God at Work: The History and Promise of the Faith at Work Movement

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Overview

What was once taboo - faith at work - is increasingly accepted in corporate America. From secretaries to CEOs, growing numbers of businesspeople today want to bring their faith to work. Yet they wrestle with how to do this effectively and appropriately in a pluralistic corporate setting. For help they turn not to their clergy, but to their peers and to a burgeoning cottage industry on spirituality at work. They attend conferences and seminars, participate in Bible study and prayer groups, and read books, blogs, and eNewsletters. They see their faith as a resource for ethical guidance and to help find meaning and purpose in their work.

In God at Work, David W. Miller looks at how this Faith at Work movement developed and considers its potential value for business and society. Done well, the integration of faith and work has positive implications at the personal level, as well as for corporate ethics and the broader economic sphere. At the same time, increasing expressions of religion and spiritual practices at work also present the threat of divisiveness and discrimination.

Drawing on the insights of theological ethics as well as the sociology of religion, Miller analyzes the history of the modern day Faith at Work movement from its roots in the late 19th century to its modern formulation and trajectory. He examines the diversity of its members and modes of expression, and constructs a new framework for understanding, interpreting, and critiquing the movement and its future. Miller concludes that workers and professionals have a deep and lasting desire to live a holistic life, to integrate the claims of their faith with the demands of their work. He documents the surprising abdication of this field by church and theological academy and its embrace, ironically, by the management academy.

Offering compelling new evidence of the depth and breadth of spirituality at work, Miller concludes that faith at work is a bona fide social movement and here to stay. He establishes the importance of this movement, identifies the possibilities and problems, and points toward future research questions. God at Work is essential reading for business scholars and leaders, theologians and clergy, and anyone interested in the integration of faith and work.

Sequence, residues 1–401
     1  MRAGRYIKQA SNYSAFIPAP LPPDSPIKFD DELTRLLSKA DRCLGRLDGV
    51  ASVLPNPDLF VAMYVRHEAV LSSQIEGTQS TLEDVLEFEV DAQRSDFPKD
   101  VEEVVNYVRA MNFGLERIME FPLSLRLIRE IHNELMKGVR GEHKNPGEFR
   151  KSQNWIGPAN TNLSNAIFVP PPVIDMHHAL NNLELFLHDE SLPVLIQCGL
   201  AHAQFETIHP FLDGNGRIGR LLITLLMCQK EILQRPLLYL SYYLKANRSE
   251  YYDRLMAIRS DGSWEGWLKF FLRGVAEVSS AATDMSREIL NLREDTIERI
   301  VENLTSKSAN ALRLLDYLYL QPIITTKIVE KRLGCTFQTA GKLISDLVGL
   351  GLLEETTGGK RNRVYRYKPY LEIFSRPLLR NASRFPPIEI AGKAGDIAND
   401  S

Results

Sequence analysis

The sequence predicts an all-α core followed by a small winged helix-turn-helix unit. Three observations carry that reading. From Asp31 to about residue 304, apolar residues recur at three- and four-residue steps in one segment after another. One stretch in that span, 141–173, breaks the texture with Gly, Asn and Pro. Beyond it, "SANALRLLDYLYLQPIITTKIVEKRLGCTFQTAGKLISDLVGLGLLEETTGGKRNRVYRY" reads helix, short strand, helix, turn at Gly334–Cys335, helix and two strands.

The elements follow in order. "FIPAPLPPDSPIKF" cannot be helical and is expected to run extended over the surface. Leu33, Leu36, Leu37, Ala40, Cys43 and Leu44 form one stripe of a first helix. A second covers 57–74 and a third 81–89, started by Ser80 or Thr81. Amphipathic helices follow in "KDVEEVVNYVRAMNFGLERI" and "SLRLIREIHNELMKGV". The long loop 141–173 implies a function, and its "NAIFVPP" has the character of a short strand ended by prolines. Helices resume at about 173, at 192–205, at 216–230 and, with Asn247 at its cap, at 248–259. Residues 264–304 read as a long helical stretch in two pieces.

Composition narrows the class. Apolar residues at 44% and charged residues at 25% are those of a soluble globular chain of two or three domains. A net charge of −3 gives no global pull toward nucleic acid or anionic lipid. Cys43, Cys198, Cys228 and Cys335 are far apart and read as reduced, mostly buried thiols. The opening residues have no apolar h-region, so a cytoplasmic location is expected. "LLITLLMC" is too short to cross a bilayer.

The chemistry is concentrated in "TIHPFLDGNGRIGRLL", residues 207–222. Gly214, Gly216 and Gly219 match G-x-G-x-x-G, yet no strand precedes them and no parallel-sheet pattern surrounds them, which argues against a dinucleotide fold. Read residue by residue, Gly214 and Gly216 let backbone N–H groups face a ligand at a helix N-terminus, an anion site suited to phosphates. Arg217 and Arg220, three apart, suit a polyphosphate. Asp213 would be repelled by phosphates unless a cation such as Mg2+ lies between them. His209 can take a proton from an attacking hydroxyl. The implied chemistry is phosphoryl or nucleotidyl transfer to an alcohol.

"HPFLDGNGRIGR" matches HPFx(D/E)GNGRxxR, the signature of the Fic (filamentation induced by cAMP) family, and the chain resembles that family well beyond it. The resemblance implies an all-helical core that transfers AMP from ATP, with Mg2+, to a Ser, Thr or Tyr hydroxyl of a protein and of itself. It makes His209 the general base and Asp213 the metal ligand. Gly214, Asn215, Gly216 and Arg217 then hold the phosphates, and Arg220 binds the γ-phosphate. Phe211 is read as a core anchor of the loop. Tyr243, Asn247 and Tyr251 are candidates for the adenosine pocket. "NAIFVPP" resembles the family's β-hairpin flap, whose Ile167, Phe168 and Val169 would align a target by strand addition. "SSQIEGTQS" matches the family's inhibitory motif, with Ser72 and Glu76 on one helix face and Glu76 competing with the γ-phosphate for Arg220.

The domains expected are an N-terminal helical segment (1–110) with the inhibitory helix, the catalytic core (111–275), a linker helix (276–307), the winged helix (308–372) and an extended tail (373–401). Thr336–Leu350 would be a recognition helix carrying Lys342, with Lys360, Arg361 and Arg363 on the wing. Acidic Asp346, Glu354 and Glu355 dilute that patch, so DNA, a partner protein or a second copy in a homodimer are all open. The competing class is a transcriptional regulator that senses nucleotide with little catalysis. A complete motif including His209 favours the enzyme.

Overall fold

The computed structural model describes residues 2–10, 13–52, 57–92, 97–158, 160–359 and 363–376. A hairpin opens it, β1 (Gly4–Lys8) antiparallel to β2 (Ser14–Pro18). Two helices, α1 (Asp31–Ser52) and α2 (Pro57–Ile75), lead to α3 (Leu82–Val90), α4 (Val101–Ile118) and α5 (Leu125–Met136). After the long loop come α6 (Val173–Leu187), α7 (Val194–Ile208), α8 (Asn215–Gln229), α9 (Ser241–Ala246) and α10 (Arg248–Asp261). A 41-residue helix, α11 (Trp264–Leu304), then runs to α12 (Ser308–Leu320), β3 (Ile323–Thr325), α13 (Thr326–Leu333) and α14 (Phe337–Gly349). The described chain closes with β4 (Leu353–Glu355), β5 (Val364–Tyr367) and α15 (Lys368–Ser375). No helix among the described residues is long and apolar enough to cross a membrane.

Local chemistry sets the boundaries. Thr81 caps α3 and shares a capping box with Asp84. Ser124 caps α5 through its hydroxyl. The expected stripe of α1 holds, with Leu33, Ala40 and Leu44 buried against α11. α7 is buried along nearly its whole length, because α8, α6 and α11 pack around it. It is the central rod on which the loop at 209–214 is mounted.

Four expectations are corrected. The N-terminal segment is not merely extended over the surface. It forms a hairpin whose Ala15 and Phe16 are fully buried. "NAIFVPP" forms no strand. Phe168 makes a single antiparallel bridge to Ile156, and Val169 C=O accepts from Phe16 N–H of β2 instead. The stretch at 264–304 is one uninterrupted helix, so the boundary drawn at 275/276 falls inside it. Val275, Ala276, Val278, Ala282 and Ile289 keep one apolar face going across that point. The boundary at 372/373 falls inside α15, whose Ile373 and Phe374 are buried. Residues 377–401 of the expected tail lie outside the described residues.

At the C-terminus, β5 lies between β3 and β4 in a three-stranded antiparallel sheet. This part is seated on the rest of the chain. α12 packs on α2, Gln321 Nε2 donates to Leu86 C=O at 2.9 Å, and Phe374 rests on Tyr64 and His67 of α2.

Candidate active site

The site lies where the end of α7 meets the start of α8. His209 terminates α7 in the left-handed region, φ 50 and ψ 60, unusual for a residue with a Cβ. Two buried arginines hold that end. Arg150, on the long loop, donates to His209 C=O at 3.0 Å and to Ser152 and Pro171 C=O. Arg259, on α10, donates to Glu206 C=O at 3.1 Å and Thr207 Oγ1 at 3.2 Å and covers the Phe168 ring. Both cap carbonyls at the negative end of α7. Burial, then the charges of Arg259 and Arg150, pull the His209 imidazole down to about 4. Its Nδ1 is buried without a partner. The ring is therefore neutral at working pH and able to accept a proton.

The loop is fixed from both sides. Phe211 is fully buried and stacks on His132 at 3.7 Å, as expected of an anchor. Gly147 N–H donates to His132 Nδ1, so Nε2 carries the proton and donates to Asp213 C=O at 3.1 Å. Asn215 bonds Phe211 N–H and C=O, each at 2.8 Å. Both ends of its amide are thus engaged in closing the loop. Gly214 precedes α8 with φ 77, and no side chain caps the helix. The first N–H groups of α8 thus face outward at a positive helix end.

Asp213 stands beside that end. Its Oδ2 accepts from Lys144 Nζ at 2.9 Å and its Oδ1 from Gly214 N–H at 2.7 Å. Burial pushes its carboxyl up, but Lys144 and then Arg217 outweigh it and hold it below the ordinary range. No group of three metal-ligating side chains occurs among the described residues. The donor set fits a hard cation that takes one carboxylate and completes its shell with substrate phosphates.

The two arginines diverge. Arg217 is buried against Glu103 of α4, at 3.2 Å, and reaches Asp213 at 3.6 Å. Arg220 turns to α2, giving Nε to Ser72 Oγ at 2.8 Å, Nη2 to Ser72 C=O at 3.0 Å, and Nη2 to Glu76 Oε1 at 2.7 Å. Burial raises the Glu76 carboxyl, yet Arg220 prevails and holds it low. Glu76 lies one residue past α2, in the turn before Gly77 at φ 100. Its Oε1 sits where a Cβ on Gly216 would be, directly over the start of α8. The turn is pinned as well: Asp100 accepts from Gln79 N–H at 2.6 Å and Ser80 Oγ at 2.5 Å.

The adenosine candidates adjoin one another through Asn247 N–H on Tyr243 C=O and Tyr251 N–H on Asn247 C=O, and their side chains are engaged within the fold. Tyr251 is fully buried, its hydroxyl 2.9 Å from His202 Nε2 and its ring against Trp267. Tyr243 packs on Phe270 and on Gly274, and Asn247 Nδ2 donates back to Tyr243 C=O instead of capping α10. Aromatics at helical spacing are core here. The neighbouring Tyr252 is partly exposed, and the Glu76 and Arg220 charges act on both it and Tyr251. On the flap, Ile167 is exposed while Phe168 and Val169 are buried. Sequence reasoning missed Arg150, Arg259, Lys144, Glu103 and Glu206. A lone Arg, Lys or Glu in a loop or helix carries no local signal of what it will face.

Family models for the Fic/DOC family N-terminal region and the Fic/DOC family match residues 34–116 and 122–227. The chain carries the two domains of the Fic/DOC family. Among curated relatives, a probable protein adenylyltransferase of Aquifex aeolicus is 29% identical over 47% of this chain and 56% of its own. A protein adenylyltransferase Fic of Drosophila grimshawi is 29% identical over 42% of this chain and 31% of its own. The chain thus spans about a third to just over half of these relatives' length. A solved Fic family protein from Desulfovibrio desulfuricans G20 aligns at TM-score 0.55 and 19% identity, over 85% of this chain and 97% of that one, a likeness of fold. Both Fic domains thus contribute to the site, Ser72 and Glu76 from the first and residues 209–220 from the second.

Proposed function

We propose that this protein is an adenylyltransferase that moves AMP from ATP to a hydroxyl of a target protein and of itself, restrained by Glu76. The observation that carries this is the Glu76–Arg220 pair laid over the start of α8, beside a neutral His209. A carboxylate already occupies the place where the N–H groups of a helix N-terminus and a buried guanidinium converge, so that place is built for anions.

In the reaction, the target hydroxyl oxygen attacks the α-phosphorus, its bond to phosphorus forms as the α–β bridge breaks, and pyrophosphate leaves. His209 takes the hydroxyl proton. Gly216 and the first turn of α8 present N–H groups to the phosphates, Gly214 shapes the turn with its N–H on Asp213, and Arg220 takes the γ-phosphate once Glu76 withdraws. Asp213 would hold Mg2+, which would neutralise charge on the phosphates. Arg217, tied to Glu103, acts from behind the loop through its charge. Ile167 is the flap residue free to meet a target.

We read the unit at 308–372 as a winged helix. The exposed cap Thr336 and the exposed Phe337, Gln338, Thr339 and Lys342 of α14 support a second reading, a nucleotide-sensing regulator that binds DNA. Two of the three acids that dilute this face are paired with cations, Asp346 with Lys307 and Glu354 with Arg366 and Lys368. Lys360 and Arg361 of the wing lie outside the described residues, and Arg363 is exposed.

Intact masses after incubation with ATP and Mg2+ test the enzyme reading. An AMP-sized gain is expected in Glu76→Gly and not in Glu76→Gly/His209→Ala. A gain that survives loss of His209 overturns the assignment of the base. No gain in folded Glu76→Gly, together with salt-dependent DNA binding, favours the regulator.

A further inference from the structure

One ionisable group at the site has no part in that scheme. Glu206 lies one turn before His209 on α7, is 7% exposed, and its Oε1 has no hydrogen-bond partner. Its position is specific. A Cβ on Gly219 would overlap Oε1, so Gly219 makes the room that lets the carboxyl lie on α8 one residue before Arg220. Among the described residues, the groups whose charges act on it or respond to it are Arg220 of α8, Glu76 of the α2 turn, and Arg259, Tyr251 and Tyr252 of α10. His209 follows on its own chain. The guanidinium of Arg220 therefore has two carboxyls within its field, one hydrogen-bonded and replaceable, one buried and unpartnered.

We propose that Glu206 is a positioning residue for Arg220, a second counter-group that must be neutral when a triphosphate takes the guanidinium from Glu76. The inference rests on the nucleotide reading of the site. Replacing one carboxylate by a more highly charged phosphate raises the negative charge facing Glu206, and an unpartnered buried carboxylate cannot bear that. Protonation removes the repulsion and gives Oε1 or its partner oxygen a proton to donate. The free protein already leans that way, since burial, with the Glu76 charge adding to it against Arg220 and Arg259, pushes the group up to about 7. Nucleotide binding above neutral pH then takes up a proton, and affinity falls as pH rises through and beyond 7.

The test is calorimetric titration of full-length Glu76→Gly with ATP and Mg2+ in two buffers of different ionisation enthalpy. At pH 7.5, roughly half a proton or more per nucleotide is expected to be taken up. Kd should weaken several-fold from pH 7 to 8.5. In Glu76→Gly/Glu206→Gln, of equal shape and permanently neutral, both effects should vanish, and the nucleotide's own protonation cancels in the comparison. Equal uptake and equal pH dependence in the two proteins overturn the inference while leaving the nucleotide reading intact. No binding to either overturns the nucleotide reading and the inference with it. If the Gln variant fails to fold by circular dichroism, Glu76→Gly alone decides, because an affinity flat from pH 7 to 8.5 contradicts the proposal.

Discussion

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Editorial Reviews

From the Publisher
"By providing definition, history, and current activity, Miller offers a very useful introduction to this movement."—hoice

"The most thoughtful attempt so far to take both religion and business seriously as partners."—Harvard Business Review

"God at Work draws on Miller's background in corporate management, theological training, and extensive research to provide an insightful analysis of recent efforts to bring religious faith into more active engagement with the complex decisions of the contemporary workplace. At a time when corporate scandals have rocked the nation, this inside look at the ethical challenges facing top executives is sorely needed. Miller shows that local congregations have seldom provided guidance for members with managerial responsibilities and academia has rarely provided a hospitable environment for discussions of faith and ethics in the business world, either. Still, there are some hopeful signs that this neglect is changing. Miller's engaging discussion helps chart the course." —Robert Wuthnow, author of The Crisis in the Churches: Spiritual Malaise, Fiscal Woe

"David Miller explores the next major chapter that most companines are wrestling with on the Diversity and Inclusion journey —- religion in the workplace. He provides excellent insights. " —Steve Reinemund, Chairman, PepsiCo

"God at Work, by David W. Miller, is an important contribution to the discussion of the growing role of religion in business life. It ought to find its way into MBA courses on human relations, business ethics, and marketing, among others." —Robert W. Fogel, Charles R. Walgreen Professor of American Institutions, Graduate School of Business, University of Chicago, and 1993 Nobel Prize Winner in Economics

"Rather than celebrate late life atonement to compensate for careers of corruption, David Miller shows a long, proud tradition of leaders who reach for purpose in their work and compassion in their workplace. This richly textured, historically accurate and spiritually uplifting book should be read not only by those who need it the least and will love it, but also by those who badly need it and don't know it." —Jeffrey Sonnenfeld, Senior Associate Dean, Yale School of Management and co-author of Leadership and Governance from the Inside Out

"As both a theologian and a business person, David Miller provides a unique perspective on the faith/work movement. This book contains a scholarly review of its roots, a careful and thorough description of its current momentum, and a thoughtful critique of its future. It is a must read for the person who wants to understand how God and worship relate to the reality of the workplace." — C. William Pollard, Chairman Emeritus, ServiceMaster

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Product Details

  • ISBN-13: 9780195314809
  • Publisher: Oxford University Press
  • Publication date: 12/14/2006
  • Edition description: New Edition
  • Pages: 232
  • Sales rank: 635,028
  • Product dimensions: 9.50 (w) x 6.30 (h) x 1.00 (d)

Meet the Author

David W. Miller, Ph.D. is Executive Director of the Yale Center for Faith & Culture at Yale Divinity School and Assistant Professor (Adjunct) of Business Ethics. He brings an unusual "bilingual" perspective to the academic world, having also spent 16 years in senior executive positions in international business and finance.

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Table of Contents


Introduction     3
"Faith at Work"?     9
The Social Gospel Era (c. 1890s-1945)     23
The Ministry of the Laity Era (c. 1946-1985)     39
The Faith at Work Era (c. 1985-Present)     63
Response of the Church and the Theological Academy to FAW     79
Faith at Work as a Social Movement     105
Analyzing and Understanding the Faith at Work Movement     125
The Future of the Faith at Work Movement     143
Notes     155
Selected Bibliography     197
Index     219